How to reward users with points for cheering with bits using PhantomBot


Note: I am not a lawyer, and this guide is only to show you HOW to reward bits with points. Whether you decide to do so or not is your own decision.

PhantomBot is a self hosted Twitch bot, with lots of features.

One of the features is a points system which allows users to earn points by doing certain things, like watching the stream, playing chat games and donating money.

However, there is no option to reward users with points for cheering using bits.

Why? Well, the reason is the Twitch terms of service, which has some very confusing terms, one of which includes the following:

“offer[ing] Bits in exchange for real or virtual currencies or any other consideration or items of value whether inside or outside of the Twitch Service.”

People have taken this to mean rewarding viewers for cheering is against the Terms of Service. However, this is most likely referring to people offering bits in exchange for real money, or crypto-currencies such as Bitcoin (i.e. I offer someone $50 to buy $100 worth of bits mined by watching ads).

I have asked Twitch for clarification on the matter, but their support is slow and useless. They most likely don’t care, as they’re still making money from it either way. Therefore I have written this guide as I believe PhantomBot uses should be given the choice to reward users who cheer with bits in the same way they do people who donate through other means.

Adding the option

To reward users with bits we need to modify one file.

The file we need to modify is called “bitsHandler.js” and is located in the following folder

<root phantombot folder>/scripts/handlers/

Open this file in your text editor, and you should see the following text on the 9th line

announceBits = false;

Modify this line to the following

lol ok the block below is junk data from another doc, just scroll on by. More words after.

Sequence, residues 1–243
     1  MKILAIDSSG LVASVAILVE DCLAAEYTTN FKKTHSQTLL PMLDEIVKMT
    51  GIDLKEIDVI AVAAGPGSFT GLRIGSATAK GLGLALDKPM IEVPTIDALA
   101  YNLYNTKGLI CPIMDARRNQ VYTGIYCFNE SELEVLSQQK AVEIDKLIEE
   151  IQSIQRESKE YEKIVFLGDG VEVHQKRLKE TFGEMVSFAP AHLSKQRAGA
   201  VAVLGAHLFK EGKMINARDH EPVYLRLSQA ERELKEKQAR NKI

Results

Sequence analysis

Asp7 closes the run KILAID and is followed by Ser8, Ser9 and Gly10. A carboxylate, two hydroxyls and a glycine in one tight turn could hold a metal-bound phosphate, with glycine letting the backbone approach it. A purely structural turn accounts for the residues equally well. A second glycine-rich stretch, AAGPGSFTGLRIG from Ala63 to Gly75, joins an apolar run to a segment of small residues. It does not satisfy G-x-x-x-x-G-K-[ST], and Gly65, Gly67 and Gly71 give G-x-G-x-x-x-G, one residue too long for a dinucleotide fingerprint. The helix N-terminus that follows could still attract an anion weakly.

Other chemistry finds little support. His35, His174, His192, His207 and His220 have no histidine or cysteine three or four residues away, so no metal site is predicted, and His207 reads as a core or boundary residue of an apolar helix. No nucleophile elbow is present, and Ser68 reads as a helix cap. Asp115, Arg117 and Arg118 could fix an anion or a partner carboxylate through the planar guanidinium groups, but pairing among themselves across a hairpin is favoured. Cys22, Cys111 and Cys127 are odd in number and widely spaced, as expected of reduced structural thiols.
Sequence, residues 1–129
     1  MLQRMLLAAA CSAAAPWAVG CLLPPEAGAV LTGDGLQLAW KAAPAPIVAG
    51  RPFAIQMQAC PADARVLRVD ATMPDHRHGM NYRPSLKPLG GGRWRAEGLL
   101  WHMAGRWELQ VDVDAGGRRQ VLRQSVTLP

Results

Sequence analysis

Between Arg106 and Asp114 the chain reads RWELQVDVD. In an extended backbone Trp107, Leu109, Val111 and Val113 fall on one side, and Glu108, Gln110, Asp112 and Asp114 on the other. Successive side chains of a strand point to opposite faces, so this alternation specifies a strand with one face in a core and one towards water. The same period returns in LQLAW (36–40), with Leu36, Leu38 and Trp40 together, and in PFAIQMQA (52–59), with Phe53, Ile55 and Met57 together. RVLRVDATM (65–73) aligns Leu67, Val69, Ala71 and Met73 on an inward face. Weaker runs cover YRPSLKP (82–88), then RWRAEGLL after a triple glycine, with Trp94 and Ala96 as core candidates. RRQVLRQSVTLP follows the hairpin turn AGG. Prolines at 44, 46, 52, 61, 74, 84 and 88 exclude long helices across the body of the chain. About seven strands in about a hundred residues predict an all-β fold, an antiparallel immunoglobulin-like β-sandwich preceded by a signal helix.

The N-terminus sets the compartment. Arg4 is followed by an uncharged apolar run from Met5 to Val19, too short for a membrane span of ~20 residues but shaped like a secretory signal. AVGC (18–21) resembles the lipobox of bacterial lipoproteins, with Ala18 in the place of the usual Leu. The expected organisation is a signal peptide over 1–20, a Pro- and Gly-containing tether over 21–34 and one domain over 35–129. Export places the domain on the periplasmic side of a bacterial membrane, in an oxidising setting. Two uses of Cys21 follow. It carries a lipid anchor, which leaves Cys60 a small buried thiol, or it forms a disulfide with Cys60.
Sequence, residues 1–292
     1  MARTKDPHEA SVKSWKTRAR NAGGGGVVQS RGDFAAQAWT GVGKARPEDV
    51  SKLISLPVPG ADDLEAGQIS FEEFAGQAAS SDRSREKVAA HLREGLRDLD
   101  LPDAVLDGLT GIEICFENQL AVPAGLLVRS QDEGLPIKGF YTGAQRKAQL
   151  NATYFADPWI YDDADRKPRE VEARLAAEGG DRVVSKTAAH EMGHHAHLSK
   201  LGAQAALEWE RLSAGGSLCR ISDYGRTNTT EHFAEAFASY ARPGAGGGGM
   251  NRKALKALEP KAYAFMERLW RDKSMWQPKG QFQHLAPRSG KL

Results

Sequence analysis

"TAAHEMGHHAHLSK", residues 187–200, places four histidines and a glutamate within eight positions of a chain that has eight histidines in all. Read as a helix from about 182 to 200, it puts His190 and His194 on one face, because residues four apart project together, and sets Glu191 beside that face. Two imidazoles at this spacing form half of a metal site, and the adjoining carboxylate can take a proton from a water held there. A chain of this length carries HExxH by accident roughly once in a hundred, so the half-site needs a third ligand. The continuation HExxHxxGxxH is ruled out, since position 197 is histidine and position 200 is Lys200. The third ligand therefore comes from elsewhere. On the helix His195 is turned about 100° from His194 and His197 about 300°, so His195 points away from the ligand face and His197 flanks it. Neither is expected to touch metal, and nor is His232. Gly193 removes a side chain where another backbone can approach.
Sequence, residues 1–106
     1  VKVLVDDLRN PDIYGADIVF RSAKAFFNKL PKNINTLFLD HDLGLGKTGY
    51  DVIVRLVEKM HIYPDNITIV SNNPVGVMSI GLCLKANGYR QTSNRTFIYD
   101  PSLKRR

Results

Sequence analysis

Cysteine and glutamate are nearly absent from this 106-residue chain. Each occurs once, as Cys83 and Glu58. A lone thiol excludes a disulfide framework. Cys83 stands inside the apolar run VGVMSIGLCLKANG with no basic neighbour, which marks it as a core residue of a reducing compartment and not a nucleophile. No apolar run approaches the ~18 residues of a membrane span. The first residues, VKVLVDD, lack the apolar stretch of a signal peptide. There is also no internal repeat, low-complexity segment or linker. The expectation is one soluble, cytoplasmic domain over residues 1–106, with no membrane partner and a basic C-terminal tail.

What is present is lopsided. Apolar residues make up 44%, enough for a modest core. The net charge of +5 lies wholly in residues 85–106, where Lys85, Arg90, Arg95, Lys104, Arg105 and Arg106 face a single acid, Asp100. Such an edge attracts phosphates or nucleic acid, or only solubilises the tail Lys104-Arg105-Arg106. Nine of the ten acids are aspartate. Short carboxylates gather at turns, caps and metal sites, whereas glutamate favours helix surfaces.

announceBits = false, bitsReward = 1;

1 is the amount of points we want to reward the user with for each bit donated. If you leave this set to 1, it means that if the user donates 100 Bits ($1USD) they will receive 100 points.

After you have done this, find the following text in the same file

$.bind(‘bits’, function(event) {
var username = event.getUsername(),
bits = event.getBits(),
s = message;

Directly underneath the text, add the following

reward user with points for giving bits
$.inidb.incr(‘points’, username.toLowerCase(), (bits * bitsReward));

And that’s all there is to it! Your users should now be rewarded with points when cheering with Bits.

Tips/things to note

As I said at the start of the post, I am not a lawyer, and this guide is only to show you HOW to reward bits with points. Whether you decide to do so or not is your own decision.

Should Twitch ever actually bother replying to me, I will update this post.

Thanks for reading.

How to set up PhantomBot on a Linux VPS/server


PhantomBot is an open-source Twitch bot which runs on your own computer (unlike web-based bots like Nightbot)

However, some people might like to keep the bot on a separate computer. This way it uses no resources on your gaming/streaming PC and can be left on 24/7 without keeping your PC on.

This guide will show you how to set up PhantomBot on a Linux (Debian-based) VPS

It should work on a VPS/dedicated server with most providers, but I recommend using Vultr as they are a solid provider, with ultra fast hardware and network, and have locations all over the World.


The VPS I will be using is a 512MB RAM VPS from Vultr running Debian 9 (Stretch). Using the latest version of the OS is important as it includes the required version 8 of openjdk. However this guide should work on any OS based on Debian (i.e. Ubuntu)

Creating and connecting to the VPS

Note: you can skip this bit if you know how to connect to your server